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Something To Think About.  
User currently offlineJmhLUV2fly From United States of America, joined Dec 1999, 559 posts, RR: 0
Posted (14 years 3 months 1 day 6 hours ago) and read 1702 times:

Recently, I began to think about how civil airplanes have changed over the past thirty or so years much like how auto manufactures have kept an edge in order to compete and hold a piece of the market place.

The other night I was looking through the photo database. I took particuliar interest in how the Boeing 737 has changed over the years. I began to think just how much the airplane has progressed. To think for a second that back in late 60's the orginal 737-100/200 was marketed as the baby boeing resembling much like that of a "football" for it was short and stout. The airplane was suited for the short to medium range market and competed head on with the Douglas' DC-9.
In the eighties Boeing updated the 737 and introduced the 733, 734 and later the 735. And all of these new airplanes suited airlines well and continue to.
Then in the mid 90's Boeing once again updated the 37 and introduced the "New Generation" family;
736, 737, 738 & 739 . The newest 737's effetively meats the demands of airlines present and future growing needs. However, As I stop to look at the newest 737's , I cannot help but ponder how far the 737 has come. To think for a second that the original 737 was a hair shorter then the 737-500 you put that plane next to the biggest 737 the 900 and I become astounded, that the 737 today is not what is was yesterday. The short stout little 737 is now a jetliner almost similiar is size to that of the 752 (the 900 is) it really amazes me. But I suppose when it comes down to competing and holding place in the airliner market you as an airplane manufactuer have to keep up with the times.
Anyone else have any thoughts on the 737 or other airplanes that have changed through time?
Would be good to hear your thoughts.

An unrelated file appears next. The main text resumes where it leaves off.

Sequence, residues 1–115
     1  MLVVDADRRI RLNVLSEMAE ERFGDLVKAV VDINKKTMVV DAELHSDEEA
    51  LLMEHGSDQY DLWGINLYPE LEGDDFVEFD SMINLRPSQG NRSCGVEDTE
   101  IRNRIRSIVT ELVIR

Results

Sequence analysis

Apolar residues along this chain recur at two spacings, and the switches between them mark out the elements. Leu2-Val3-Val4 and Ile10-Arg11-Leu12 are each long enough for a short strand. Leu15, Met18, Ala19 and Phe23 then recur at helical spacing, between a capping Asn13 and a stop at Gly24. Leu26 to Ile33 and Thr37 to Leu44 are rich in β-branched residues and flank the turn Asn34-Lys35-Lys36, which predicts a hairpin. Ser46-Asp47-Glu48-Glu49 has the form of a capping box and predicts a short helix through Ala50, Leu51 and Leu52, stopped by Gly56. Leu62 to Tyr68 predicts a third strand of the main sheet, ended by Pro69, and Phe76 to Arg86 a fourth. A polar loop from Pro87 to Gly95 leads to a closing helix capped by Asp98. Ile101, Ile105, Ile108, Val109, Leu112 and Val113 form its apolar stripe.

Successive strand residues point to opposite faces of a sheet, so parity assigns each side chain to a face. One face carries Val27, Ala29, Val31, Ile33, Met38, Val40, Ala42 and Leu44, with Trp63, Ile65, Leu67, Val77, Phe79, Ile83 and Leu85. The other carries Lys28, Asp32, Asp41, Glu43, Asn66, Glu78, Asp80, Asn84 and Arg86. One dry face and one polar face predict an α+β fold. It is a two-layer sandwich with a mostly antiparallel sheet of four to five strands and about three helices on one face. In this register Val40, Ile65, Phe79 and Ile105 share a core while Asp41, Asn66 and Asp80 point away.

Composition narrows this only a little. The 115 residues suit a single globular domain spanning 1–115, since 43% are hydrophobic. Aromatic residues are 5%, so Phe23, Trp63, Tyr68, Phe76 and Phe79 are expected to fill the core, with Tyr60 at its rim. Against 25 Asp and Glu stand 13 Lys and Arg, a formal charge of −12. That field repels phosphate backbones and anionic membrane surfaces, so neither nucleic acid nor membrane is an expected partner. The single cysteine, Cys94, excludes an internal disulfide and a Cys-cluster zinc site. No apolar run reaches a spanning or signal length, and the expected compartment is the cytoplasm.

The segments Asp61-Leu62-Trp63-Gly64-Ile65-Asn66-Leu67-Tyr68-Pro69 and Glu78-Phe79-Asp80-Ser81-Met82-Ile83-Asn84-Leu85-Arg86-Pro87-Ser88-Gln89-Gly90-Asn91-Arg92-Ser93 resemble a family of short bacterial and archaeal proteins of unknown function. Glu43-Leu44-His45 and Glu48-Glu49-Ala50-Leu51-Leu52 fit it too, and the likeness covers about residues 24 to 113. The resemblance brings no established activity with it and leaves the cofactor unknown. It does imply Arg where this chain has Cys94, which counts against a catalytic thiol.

8 replies: All unread, jump to last
User currently offlineIMissPiedmont From United States of America, joined May 2001, 6544 posts, RR: 29
Reply 1, posted (14 years 3 months 1 day 3 hours ago) and read 1631 times:

I point this fact out to visitors at the Pima Air Museum.

The 737-900 is 6 ft longer than the first 707s and has greater range. And the 707 was, in the late 50s considered a long range aircraft. Pretty amazing to consider that a short range aircraft has exolved so much. Also consider that what used to considered ultra long range, Europe to the US west coast, is now only 2/3 the range of the 744, 777 and A340. Even medium range airliners can fly 6000 miles today.

The day you stop learning is the day you should die.
User currently offlineTrickijedi From United States of America, joined May 2001, 3266 posts, RR: 4
Reply 2, posted (14 years 3 months 1 day 3 hours ago) and read 1627 times:

In contrast, I think the evolution of the 747 is pretty unique in that it kept up with the times in innovative technology yet it has basically stayed the same aircraft (unlike the 737 like you mentioned). The 747's biggest change was the addition of winglets and a glass cockpit on its later models but is basically the same plane. Thankfully the furthest Boeing deviated from the design of the original was the 747SP.

Its better to be on the ground wishing you were in the air than be in the air wishing you were on the ground. Fly safe!
User currently offlineJmhLUV2fly From United States of America, joined Dec 1999, 559 posts, RR: 0
Reply 3, posted (14 years 3 months 11 hours ago) and read 1603 times: